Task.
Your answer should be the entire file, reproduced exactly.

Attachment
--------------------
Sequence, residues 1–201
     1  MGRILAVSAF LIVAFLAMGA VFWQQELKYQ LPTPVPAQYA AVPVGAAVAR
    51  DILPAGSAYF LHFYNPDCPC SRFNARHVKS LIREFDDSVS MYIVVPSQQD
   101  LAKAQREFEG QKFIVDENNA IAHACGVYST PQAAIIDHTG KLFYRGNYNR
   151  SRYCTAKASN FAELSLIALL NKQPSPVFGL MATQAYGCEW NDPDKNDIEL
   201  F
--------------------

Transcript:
Sequence, residues 1–201
     1  MGRILAVSAF LIVAFLAMGA VFWQQELKYQ LPTPVPAQYA AVPVGAAVAR
    51  DILPAGSAYF LHFYNPDCPC SRFNARHVKS LIREFDDSVS MYIVVPSQQD
   101  LAKAQREFEG QKFIVDENNA IAHACGVYST PQAAIIDHTG KLFYRGNYNR
   151  SRYCTAKASN FAELSLIALL NKQPSPVFGL MATQAYGCEW NDPDKNDIEL
   201  F